How familiar Warhol was with the world of comics can also be seen in a formal detail, which he did not take from the historical Superman model, but which belongs quite naturally to the history of comic drawing: by duplicating and superimposing the motif, the artist creates the impression of movement that renders the image more active and dynamic. One of the archetypes of this artistic effect is Max and Moritz creator Wilhelm Busch’s unforgettable drawings of the piano-playing “Virtuoso”, who in the “Finale Furioso” ecstatically reaches into the keys and – as a symbol of the enormous speed of his musical performance – can be seen several times over. In a comparable manner, Warhol makes his Superman, fist forward and cape fluttering, dynamically ascend and nearly overtake himself. The fact that Warhol did not choose this type of depiction by chance is demonstrated by test prints of the motif in black and white, in which he had already doubled the image. The artist adopted the strong red and blue palette directly from the Superman original, and added diamond dust to the contours of the doubled motif. Both create a dramatic effect against the black background and thus continue the suspenseful narrative thread of the Superman comic in an independent work of art.

“The New Spirit”, a colour screenprint from Warhol’s 1985 “Ads” series, will also be offered in the 7 December auction. In this series of ten motifs, the artist not only staged the famous cartoon character Donald Duck, but also a whole potpourri of iconic images of the “American Way of Life” and the US consumer society: the logos of Apple, Paramount and Chanel, as well as portraits of Judy Garland, Ronald Reagan and James Dean. Warhol’s iconic comic figures have been in demand at Koller: in December 2018 his “Mickey Mouse” screenprint achieved CHF 168,500 – a new world record for this print.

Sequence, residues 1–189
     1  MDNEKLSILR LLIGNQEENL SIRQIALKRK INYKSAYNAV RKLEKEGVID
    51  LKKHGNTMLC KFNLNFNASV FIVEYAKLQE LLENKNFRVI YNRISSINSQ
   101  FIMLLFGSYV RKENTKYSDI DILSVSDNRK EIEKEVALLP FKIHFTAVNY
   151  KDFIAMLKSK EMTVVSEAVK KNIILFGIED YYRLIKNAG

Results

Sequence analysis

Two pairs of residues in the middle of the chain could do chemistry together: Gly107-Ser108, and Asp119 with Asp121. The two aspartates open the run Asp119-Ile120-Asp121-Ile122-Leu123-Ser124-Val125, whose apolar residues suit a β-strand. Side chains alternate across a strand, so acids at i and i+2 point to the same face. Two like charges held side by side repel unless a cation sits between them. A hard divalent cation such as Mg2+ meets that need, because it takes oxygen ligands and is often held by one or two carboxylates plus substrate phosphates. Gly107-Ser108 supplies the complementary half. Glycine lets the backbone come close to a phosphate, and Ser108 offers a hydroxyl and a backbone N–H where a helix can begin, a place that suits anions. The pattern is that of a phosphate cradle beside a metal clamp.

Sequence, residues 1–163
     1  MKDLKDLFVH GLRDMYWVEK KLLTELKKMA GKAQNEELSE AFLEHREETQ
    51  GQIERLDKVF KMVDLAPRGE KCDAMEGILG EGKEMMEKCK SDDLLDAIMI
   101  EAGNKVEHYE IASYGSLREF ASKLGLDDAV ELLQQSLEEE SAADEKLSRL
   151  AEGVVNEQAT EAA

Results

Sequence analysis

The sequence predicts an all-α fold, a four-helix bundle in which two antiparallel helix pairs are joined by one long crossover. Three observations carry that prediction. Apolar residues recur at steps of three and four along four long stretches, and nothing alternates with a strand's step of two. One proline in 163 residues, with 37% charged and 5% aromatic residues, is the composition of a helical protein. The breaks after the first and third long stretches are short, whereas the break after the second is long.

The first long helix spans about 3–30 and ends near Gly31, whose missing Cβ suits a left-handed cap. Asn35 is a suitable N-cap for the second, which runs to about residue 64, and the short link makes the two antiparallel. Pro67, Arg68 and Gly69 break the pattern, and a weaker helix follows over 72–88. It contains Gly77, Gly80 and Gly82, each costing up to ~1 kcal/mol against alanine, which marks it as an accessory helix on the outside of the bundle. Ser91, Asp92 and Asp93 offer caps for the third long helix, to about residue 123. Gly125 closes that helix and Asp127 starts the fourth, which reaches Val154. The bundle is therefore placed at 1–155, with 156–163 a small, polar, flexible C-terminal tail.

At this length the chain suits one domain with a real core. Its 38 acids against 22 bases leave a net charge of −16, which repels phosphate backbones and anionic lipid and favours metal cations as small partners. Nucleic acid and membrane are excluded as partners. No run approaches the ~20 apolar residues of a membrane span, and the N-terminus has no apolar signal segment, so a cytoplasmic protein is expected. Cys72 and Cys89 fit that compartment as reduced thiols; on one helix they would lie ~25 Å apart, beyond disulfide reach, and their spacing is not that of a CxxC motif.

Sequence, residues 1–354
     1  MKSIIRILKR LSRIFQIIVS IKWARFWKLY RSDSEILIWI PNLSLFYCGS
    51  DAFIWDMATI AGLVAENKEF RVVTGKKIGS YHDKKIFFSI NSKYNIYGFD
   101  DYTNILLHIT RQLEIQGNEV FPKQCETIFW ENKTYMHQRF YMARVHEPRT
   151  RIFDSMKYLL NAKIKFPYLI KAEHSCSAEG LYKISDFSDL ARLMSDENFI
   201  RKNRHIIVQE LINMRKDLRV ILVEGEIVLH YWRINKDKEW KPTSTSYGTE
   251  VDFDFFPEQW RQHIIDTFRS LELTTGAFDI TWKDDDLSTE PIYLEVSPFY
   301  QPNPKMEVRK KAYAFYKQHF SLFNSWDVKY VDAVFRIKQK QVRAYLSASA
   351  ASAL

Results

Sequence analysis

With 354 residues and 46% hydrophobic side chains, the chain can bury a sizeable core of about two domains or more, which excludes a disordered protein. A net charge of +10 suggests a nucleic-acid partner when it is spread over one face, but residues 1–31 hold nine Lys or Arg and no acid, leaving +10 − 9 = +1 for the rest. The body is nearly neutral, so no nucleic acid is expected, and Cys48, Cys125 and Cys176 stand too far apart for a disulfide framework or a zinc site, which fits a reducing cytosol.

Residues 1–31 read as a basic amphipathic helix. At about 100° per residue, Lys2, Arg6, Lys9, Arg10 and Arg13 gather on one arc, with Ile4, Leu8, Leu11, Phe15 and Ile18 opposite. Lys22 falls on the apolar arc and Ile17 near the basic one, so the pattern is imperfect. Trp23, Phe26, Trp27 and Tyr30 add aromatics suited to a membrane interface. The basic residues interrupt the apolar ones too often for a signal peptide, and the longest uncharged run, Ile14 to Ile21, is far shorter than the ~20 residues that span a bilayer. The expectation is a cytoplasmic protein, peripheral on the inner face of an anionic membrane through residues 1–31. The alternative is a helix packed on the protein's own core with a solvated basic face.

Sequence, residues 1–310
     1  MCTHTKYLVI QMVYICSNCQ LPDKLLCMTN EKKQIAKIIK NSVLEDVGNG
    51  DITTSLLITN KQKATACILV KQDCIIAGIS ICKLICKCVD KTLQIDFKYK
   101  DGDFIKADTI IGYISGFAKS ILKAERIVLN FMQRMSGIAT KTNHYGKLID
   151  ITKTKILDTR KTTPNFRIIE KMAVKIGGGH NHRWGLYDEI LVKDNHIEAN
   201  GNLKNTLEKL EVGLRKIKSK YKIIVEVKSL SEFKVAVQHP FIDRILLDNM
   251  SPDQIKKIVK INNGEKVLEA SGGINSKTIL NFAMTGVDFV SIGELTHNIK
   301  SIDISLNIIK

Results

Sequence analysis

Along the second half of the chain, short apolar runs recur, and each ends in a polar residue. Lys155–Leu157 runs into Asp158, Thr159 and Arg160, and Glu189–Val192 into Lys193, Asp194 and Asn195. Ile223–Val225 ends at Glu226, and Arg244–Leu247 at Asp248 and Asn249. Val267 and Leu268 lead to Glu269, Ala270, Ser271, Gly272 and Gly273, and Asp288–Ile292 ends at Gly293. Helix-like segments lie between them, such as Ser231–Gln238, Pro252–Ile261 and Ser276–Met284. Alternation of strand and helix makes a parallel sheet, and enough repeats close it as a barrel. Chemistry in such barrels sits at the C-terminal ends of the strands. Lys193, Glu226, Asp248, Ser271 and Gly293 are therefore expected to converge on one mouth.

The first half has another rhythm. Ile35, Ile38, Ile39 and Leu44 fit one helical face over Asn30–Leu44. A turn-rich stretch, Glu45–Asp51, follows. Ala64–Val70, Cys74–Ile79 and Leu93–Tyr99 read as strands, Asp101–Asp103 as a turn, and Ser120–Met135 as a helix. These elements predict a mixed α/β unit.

17" Planets. 1976.
Gouache and ink on wove paper.
37,1 x 109,1 cm.
Estimate: CHF 40 000 / 60 000


01 Calder's fascination with the solar system was part of a broader phenomenon that was triggered, among other things, by the discovery of the planet Pluto in 1930. “The simplest forms in the universe are the sphere and the circle. I represent them by disks and then I vary them”, he said.

H. 1970.
Acrylic on canvas.
86 x 86 cm.
Estimate: CHF 6 000 / 8 000

Cane. 1979.
Pastel on thin cardboard.
31 x 41 cm.
Estimate: CHF 24 000 / 32 000

Superficie a testura vibratile.
Aluminium on wood.
70 x 70 cm.
Estimate: CHF 40 000 / 60 000

02 Claisse was convinced that her art didn't need “the crutches of traditional painting” – and created inimitable works of geometric abstraction.

03 Whether with women, men with moustaches, children, birds, or – as here – a dog, Botero enchants with cheerful, bright colours and seemingly inflated forms.